The lack of an early fire detection system (smoke detectors in lieu of or in addition to heat detectors) in the laundry storeroom probably contributed to the amount of fire damage. An operating smoke detector in the storeroom would have warned of a fire that was still in the smoldering stage. The forced ventilation in the laundry storeroom where the fire originated allowed the early spread of heat, combustible gases, and smoke into the stairway forward of the storeroom and to B-deck and other spaces. The SOLAS rules, amended in 1992 with an effective date of October 1, 1997, for the installation of smoke detection devices on board passenger ships with alarm indicators in a continually manned central control station do not require smoke detectors to automatically sound locally when smoke is detected. An automatic smoke alarm that would sound within crew accommodation areas when smoke is detected would offer crewmembers immediate warning of the presence of smoke and allow the maximum available escape time during a fire. The lack of a smoke detector in the storeroom to detect the fire early and the lack of an automatic local-sounding smoke alarm in the crew area probably contributed to the crew fatality.
As a result of its investigation of this accident and another fatal fire on board the Panamanian Passenger Ship UniverseExplorer in July 1996 near Juneau, Alaska, the Safety Board issued urgent safety recommendations in April 1997 to Cunard Lines urging without delay to install smoke alarms that sound locally in the crew and passenger accommodation areas so that the crew and passengers will receive immediate warning of the presence of smoke and will have the maximum available escape time during a fire. As of January 1998, Cunard Lines has not responded to the recommendations.
The laundry storeroom was not required to be fitted and was not fitted with an automatic sprinkler system. Although the space was protected by a CO2 extinguishing system, it did not immediately extinguish the fire. The master began discharging CO2 into the storeroom at 0241, but the fire was not extinguished until 1044 after firefighters entered the space with fire hoses. If the storeroom had been fitted with an automatic sprinkler system, the system would have begun discharging firefighting water at the first moment that the heat detector activated. The immediate suppression response provided by an automatic sprinkler system would have extinguished the flames early, reduced the amount of smoke that developed, and cooled the fire area, thus enabling early entry by the backup fire parties.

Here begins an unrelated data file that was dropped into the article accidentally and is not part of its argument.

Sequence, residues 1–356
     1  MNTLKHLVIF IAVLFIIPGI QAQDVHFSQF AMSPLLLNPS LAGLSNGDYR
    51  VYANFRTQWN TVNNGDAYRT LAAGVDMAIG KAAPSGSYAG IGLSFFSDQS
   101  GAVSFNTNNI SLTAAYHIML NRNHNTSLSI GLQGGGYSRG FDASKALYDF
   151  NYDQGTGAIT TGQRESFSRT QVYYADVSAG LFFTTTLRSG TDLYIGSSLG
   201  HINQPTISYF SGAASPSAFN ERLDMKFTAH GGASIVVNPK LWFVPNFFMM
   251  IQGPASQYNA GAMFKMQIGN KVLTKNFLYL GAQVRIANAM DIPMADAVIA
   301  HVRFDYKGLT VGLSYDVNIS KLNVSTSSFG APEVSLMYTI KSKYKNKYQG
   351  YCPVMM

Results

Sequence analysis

The National Transportation Safety Board determines that the probable cause of the fire on board the Vistafjord was a deliberate ignition of combustibles at two sites in the laundry storeroom. Contributing to the loss of life was the lack of timely fire warning for the crewmembers in B-deck accommodations and of an automatic sprinkler system in the laundry storeroom.
Adopted: March 10, 1998
1 The vessel was to be refitted at Malta to meet the 1992 amendments to the International Maritime Organization fire safety rules of the Safety of Life at Sea Convention (SOLAS).
2 At 0126 on February 11, 1997, while on a cruise, the Vistafjord was near Punta Arenas, Chile, around the southern end of South America when fires erupted in the D-deck forward storeroom and outside of the C-deck laundry. Both spaces were unoccupied at the time, and the fires were extinguished by the crew without injury to anyone on board. A fire investigator, employed by Cunard Lines Ltd., concluded that the char patterns in the storeroom on D-deck were the result of a flammable liquid being used. The cause of the fire outside of the laundry could not be determined, but the investigator believed that that fire had been ignited deliberately. The National Transportation Safety Board did not investigate the fire.
3 The Safety Board fire specialist was unavailable to conduct the examinations sooner because he was involved in two major aviation accident investigations.